When one likes a musician, for example, it's not uncommon to have in one's personal collection several albums (cd's) of the same artist. People who swoon over Elvis generally have more than one Elvis album in their collection. Same with The Beatles; a true Beatles fan has more than one album by the fab four. It's the same kind of thing with people who like certain artists...lots of books about one particular artist. Reese noticed this, and instead of bringing me a book of an artist I know and love well, he chose
Georgia O'Keeffe An Eternal Spirit by Susan Wright. I don't remember ever having read this book. Turning the page to the introduction, it said,
Early in 1915, when she was 28 and teaching art in South Carolina, Georgia O'Keeffe decided to take stock of her career. According to her friend Anita Pollitzer, the artist hung all of her paintings around her room and proceeded to go through a monumental self evaluation of her work. O'Keeffe by then had studied at several schools around the country under notable teachers of the time. She concluded that each one of her paintings was derivative of these influences and so destroyed every piece.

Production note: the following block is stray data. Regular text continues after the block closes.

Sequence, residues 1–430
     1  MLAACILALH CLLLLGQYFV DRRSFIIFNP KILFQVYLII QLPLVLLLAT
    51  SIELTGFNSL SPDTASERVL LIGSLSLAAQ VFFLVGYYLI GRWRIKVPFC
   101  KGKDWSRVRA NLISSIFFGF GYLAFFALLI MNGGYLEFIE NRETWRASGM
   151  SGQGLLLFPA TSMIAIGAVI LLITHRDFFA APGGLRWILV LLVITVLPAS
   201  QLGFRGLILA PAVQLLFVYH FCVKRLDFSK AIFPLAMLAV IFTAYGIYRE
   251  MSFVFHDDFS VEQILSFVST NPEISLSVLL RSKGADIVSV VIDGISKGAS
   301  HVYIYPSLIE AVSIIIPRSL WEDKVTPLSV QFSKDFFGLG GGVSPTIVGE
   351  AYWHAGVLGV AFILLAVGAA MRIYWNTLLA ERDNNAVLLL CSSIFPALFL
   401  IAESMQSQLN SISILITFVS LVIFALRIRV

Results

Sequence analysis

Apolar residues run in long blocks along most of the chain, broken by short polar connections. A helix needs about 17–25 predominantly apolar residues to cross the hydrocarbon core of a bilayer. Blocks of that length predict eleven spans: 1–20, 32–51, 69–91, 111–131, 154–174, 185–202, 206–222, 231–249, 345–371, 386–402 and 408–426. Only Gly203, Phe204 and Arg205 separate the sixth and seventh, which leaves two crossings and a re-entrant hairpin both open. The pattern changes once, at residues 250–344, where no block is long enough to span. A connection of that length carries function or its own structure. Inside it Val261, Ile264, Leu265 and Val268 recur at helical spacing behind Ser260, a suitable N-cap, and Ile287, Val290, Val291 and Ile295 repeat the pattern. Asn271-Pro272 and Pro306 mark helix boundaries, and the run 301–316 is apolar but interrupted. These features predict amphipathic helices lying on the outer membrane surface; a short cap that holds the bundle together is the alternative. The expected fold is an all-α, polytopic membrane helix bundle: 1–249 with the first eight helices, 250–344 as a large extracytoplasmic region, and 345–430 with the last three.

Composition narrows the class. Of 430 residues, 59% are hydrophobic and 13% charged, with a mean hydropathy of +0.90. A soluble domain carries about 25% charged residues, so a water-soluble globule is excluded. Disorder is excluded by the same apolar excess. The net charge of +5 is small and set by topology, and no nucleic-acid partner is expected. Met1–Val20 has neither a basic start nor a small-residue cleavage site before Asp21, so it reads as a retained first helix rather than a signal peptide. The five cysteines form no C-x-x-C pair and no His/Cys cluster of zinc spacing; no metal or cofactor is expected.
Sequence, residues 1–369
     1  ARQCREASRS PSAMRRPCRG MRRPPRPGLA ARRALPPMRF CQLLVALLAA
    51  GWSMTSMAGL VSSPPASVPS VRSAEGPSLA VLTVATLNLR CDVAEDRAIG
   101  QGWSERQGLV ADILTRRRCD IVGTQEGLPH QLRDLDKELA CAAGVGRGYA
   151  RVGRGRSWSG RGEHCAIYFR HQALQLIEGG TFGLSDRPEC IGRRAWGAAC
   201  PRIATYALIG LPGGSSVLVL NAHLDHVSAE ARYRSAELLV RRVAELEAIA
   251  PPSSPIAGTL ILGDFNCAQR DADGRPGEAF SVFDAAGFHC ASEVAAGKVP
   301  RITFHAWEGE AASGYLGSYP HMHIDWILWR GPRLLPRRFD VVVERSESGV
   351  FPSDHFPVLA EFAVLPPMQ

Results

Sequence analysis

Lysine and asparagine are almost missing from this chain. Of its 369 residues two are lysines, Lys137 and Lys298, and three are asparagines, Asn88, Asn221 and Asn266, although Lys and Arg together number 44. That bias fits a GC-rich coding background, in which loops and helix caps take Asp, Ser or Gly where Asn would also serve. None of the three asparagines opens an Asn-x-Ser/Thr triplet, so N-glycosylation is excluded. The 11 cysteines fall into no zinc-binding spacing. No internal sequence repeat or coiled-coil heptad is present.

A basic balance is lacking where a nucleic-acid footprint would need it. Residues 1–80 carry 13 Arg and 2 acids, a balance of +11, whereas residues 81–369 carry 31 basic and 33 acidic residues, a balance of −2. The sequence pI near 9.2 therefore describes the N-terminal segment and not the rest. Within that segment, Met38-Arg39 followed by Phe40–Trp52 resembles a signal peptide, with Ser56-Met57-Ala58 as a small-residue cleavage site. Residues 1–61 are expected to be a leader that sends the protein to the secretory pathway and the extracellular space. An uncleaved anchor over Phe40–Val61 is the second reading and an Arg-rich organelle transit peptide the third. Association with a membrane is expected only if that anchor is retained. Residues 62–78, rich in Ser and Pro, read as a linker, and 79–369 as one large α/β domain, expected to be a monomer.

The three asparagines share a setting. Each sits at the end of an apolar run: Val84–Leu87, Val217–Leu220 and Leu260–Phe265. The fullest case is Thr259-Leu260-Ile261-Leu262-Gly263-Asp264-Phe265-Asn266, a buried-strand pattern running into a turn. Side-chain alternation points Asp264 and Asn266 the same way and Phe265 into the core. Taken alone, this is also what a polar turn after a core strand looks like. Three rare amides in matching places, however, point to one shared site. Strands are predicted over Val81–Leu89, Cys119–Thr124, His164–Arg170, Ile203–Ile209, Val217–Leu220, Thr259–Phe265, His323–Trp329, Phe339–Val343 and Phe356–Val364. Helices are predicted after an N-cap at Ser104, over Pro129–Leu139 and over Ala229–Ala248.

Destroyed every piece! I can relate. When I first started painting, I took 12 classes from a local art instructor. While I'm eternally grateful for someone showing me how to get started, in that short amount of time I was becoming someone else. I was painting the way the art instructor painted. I didn't want to be the next (insert teacher's name here.) I want to be the next Sarah Hazel, just like Georgia O'Keeffe wanted to be Georgia O'Keeffe, not a derivation of each art instructor.